To Meat or Not to Meat?


Vegetarianism and veganism are on the rise across the country as well as right here in the RGV. Though it is difficult to get an exact number, today, most estimates suggest that about 3.5 percent of the population in the U.S. follow a vegetarian or vegan diet, compared to only 1 percent in the 1970s. Over the past two decades, U.S. vegetarian food sales, which include dairy and meat replacements, have doubled and then quadrupled, now coming in at over $3 billion per year. The Valley has definitely caught on to this trend, with business owners observing a surge in requests for vegetarian and vegan options. With an increased interest in such foods, is following a vegetarian or vegan diet the best option for everyone? What are some of the pros and cons?

There are many reasons for choosing to follow or change to a vegetarian or vegan diet, including religious convictions, environmental concerns, or just a passion for animals that leads one to make the lifestyle change. Others may have particular health issues in which eating meat or dairy is not an option. Considering some of these reasons for the change, could these motives really account for such a dramatic increase in vegetarianism and veganism in recent years?

Jena Cuellar Harris, personal trainer and owner of StrongPoint Gym and Shake Express in McAllen, noted that in the past few years, she has observed a marked increase in requests for vegetarian items, and Shake Express has responded, offering plenty of vegetarian options as well as plant-based protein as an alternative to whey protein. Cuellar Harris, as well as nutritionist Ana Torres with Ana Karen Torres Online Nutrition, both noted that social media and video streaming services are a likely culprit for the notable rise. With so much access to information and the many popular heath-based documentaries available at our fingertips, whether true or not, the effect of this information overload has clearly had an impact.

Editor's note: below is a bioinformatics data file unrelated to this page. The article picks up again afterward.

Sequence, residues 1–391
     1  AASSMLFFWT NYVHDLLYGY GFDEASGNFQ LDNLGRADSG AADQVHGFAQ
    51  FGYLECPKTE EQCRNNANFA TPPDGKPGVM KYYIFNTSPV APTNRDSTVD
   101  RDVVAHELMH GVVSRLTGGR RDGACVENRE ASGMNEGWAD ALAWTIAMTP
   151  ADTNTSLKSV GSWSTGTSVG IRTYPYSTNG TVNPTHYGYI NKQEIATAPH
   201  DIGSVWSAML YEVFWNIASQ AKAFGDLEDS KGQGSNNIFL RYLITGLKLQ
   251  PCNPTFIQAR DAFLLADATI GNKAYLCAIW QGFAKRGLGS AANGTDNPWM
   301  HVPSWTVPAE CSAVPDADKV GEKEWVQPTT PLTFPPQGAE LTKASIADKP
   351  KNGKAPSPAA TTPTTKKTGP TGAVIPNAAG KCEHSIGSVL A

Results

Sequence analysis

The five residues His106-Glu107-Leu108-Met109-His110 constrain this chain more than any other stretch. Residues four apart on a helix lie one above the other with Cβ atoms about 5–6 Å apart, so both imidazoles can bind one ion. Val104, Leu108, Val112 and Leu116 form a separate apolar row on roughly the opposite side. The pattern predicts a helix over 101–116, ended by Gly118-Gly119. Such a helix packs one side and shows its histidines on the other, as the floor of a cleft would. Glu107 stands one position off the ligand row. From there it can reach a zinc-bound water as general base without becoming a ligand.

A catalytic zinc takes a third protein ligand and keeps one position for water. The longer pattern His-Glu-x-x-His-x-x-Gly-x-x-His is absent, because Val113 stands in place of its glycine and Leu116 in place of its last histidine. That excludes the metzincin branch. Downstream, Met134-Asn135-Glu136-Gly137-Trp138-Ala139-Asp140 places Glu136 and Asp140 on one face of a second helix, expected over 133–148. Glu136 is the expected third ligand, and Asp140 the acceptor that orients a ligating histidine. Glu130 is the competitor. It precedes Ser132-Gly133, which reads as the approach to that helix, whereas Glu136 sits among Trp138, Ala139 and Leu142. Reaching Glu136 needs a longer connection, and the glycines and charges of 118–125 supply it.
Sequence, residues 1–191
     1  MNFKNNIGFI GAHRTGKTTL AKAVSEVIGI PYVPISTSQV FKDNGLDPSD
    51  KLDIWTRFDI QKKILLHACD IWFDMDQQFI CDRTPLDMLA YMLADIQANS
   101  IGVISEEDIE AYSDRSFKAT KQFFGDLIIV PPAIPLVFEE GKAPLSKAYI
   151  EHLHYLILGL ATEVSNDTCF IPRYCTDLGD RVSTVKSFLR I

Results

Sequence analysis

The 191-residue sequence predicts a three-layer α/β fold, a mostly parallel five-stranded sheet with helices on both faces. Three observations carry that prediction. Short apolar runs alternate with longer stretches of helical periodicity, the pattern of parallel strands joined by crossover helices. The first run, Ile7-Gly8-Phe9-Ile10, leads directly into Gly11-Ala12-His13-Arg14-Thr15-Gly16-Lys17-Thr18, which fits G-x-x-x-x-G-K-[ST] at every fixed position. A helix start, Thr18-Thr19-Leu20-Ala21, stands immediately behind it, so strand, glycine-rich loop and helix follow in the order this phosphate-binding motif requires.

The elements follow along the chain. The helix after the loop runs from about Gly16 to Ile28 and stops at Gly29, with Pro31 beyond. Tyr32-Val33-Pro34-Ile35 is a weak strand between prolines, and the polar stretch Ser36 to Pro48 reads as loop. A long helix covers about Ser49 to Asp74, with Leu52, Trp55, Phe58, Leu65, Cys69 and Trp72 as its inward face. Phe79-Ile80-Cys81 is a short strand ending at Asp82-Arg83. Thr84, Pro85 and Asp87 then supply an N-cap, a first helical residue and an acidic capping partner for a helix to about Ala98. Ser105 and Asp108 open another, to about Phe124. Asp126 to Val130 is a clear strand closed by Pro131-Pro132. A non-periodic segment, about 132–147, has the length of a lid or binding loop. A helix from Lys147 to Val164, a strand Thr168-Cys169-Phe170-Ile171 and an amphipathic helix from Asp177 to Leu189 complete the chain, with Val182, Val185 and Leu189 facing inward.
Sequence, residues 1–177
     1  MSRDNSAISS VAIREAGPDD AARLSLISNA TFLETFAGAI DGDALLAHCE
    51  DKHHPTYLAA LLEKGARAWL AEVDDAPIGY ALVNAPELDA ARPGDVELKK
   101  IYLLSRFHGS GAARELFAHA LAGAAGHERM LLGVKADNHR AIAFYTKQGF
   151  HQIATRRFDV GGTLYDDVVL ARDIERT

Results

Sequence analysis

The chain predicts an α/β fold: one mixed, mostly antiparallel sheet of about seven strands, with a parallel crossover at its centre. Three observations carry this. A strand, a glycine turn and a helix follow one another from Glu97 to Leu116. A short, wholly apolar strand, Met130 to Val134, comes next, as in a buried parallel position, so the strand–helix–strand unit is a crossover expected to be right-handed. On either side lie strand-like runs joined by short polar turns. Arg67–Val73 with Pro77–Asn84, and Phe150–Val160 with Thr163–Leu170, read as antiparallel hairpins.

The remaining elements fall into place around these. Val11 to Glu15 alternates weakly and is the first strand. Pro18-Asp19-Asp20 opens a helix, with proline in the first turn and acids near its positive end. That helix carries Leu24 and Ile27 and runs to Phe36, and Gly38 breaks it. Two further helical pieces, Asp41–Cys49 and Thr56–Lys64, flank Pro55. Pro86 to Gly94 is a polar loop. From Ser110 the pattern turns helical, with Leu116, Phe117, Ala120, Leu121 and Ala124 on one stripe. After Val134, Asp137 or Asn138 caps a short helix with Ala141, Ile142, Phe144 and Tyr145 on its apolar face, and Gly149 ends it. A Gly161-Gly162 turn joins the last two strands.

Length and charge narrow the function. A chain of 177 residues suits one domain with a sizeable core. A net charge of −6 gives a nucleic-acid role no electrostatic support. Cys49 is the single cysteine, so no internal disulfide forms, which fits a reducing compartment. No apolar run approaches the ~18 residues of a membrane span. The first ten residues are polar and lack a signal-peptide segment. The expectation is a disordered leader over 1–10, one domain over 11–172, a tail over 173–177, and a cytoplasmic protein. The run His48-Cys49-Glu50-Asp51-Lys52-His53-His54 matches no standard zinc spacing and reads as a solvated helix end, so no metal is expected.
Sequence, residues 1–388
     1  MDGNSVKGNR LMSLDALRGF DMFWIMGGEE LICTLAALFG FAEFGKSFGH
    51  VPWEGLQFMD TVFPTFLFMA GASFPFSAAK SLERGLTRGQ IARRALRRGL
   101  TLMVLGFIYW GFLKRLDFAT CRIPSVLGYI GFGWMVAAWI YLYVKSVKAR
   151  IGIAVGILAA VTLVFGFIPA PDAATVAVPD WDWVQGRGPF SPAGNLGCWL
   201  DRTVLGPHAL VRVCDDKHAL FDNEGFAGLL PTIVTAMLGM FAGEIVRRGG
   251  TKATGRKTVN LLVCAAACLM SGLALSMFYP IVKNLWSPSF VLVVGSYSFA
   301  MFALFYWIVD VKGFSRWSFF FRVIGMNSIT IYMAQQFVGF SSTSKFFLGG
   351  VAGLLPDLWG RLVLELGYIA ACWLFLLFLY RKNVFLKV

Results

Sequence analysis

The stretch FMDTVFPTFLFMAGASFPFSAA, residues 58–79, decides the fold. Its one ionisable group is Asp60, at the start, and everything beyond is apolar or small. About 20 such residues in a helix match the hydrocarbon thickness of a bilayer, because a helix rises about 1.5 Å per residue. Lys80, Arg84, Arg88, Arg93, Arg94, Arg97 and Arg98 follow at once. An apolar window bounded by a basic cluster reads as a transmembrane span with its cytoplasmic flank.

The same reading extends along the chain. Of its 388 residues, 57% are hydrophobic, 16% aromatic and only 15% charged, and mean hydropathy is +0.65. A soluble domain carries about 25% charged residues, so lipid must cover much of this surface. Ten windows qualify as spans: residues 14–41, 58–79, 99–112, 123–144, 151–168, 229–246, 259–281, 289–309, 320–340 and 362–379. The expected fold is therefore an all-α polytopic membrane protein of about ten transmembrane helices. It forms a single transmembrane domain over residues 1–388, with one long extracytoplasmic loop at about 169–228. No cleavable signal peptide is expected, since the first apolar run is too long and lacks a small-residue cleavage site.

As many are aware, vegetarianism is the practice of abstaining from the consumption of meat, whereas vegans also abstain from eating and/or using animal products. Some touted benefits are that this diet promotes high levels or fiber, folic acid, vitamins C and E and low consumption of saturated fats that can potentially reduce the risk of some chronic issues like heart disease. Vegetables should be an important part of our daily diet. However, when practicing either a vegetarian or vegan diet, there are potential risks associated. Especially for those who have not previously practiced healthy eating, when switching to a plant-based diet and increasing vegetable intake, they will almost immediately feel the benefits. Unfortunately, those who begin practicing vegetarianism without being informed about the body’s daily intake requirements run the risk of causing nutritional deficiencies that can nullify any possible benefits and potentially cause serious health issues, like anemia, blood disorders, or even irreversible neurological damage. These aren’t typical issues, but they should be taken seriously. Though initial benefits may be observed, some early signs of nutritional deficiencies include outward symptoms like brittle nails and hair loss.

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“If you want to be vegan or vegetarian you need a really good personal designed meal plan,” Torres said. She recommends getting help from a professional to find the best plan for you.

Being in the nutrition and fitness fields, both Torres and Cuellar Harris do recommend eating meat as a valuable source of protein and nutrients.

“I have my reservations about vegetarianism and veganism,” Cuellar Harris said. “I do respect those that have religious beliefs, convictions, or illnesses or any disorder. For those that don’t have any of those issues, I feel that meat should be a part of their diet.” Torres also expressed this sentiment and recommended incorporating lean meats like chicken breast as well as a variety of fish as a simple way to fulfill our bodies’ protein requirements. As with any diet, eating meats in excess, especially fatty meats, can also wreak havoc on the body. Some studies have concluded that eating too much red or processed meat causes concern for a higher risk of diabetes, heart disease, and even some cancers. Focusing on balance and moderation are key factors to a healthy diet, and incorporating fruits, vegetables, and plant-based foods like nuts and seeds, good fats like olive oil, and even dairy replacements like coconut or almond milk are also valuable additions to a healthy omnivorous diet.

Whether choosing to eat meat or follow a vegetarian or vegan diet, knowing your options, being informed, and making good choices is key to maintaining a healthy lifestyle.

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